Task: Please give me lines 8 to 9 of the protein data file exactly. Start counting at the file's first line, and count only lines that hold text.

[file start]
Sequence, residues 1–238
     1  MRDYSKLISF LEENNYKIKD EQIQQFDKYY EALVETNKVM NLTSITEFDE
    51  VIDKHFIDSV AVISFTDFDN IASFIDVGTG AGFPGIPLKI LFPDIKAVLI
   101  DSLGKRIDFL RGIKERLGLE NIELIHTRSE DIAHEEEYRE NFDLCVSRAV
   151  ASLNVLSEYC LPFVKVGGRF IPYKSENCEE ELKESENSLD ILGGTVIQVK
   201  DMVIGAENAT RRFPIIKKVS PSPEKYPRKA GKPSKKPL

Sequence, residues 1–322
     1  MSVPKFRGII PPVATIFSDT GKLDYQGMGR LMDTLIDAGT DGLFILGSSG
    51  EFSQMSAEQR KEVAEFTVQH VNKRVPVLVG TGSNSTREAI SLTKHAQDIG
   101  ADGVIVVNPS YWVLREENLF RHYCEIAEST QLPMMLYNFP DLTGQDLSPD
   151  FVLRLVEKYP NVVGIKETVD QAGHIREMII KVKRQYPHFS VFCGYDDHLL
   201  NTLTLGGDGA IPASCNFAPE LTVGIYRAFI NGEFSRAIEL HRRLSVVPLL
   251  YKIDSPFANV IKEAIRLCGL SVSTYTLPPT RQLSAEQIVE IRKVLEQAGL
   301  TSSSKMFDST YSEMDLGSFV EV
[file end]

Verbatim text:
     1  MSVPKFRGII PPVATIFSDT GKLDYQGMGR LMDTLIDAGT DGLFILGSSG
    51  EFSQMSAEQR KEVAEFTVQH VNKRVPVLVG TGSNSTREAI SLTKHAQDIG